|AgJournal |  Home | New Crops Vault In Value | Feature||May 19, 2013|
New crops vault in value
Sunflower acreage may double by 2001
The new oil is low in saturated fat. It has several times as much oleic acid and less than half as much linoleic acid as traditional sunflower oil. Some studies indicate that a moderately low-fat diet with a high oleic acid content lowers serum cholesterol and the risk of coronary heart disease. Linoleic acid content, though lower in NuSun oil, is still high enough for desired flavor in fried foods. In sensory panel evaluations, tortilla chips fried in the low-linoleic NuSun oil stayed fresh-tasting longer than chips fried in commercial sunflower oil. NuSun holds up well in frying vats even without hydrogenation, a process normally required to protect oils from flavor deterioration.
NuSun research was supported by the National Sunflower Association (NSA). The NSA has adopted NuSun as a new industry standard.
"NuSun is a standard resulting from an industry-wide effort to change the sunflower crop to better meet the needs of domestic end users," said Kevin Hannigan, Cargill Hybrid Seeds oilseeds product manager. "Sunflower hybrids of the Northern Lites type produce a type of oil that's more useful for frying, has an extended shelf life and meets consumer demand for vegetable oil with an improved fatty-acid profile and taste."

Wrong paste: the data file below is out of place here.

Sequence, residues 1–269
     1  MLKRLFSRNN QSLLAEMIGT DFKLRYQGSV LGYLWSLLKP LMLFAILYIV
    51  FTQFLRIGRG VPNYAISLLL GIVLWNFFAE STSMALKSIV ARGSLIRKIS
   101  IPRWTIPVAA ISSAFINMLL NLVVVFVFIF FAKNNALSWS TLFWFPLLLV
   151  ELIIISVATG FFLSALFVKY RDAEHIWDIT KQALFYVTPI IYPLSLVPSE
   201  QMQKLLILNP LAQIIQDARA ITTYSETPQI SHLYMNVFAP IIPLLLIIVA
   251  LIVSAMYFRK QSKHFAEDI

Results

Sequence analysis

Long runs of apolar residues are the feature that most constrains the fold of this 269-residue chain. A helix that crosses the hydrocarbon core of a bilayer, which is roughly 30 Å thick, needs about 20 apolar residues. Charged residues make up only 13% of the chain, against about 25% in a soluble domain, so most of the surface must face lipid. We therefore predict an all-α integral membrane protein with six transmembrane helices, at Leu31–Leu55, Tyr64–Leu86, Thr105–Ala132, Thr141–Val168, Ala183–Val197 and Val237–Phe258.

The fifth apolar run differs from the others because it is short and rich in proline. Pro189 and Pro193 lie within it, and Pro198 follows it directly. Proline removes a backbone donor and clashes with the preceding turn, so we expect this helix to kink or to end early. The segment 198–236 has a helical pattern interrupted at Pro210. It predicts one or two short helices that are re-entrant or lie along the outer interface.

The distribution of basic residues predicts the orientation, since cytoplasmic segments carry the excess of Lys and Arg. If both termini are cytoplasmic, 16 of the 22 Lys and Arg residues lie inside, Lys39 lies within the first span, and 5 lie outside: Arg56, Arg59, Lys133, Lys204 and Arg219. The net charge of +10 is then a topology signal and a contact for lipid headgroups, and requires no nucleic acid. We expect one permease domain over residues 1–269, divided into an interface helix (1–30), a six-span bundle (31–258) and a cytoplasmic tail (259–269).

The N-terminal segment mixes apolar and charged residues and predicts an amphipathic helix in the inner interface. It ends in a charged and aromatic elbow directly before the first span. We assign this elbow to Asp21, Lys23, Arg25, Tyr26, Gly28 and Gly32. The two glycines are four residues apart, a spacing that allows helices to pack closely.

In frying tests conducted by potential user groups, NuSun sunflower oil performed as well as cottonseed oil, a food service industry standard, with a high smoke point and a pleasing flavor and aroma, Hannigan said.
Cargill Hybrid Seeds was among the first companies to introduce NuSun sunflower hybrids. Cargill 290NL was the first hybrid in the new lineup of Northern Lites sunflower hybrids, and has proved competitive with other top hybrids in yield and oil percentage.
In field trials by U.S. Department of Agriculture Agricultural Research Service (ARS) scientists, yields of all NuSun hybrids were equal to traditional sunflower varieties. The new sunflowers could spur a doubling of U.S. oilseed sunflower acreage from its present 2.2 million acres by 2001.
Plant geneticist Jerry Miller and colleagues at the USDA Agricultural Research Center, Fargo, ND, found that a single dominant gene enables NuSun hybrids to produce oil with a 60 to 75 percent oleic acid content.
Last year, sunflower growers received premiums of 60 cents to $1 per hundredweight for NuSun sunflower. The U.S. sunflower industry is highly dependent on a volatile export market, so farmers also are betting that the new oil appeals to health-conscious consumers and captures a bigger share of the more stable domestic market.
For more background on NuSun sunflower, check out the June 1998 edition of Agricultural Research Magazine .
Current prices for conventional and NuSun sunflower can be found at the National Sunflower Association Web site.
Look for additional information about Cargill sunflower hybrids at the Cargill AgHorizons Web site.
May 19, 2013
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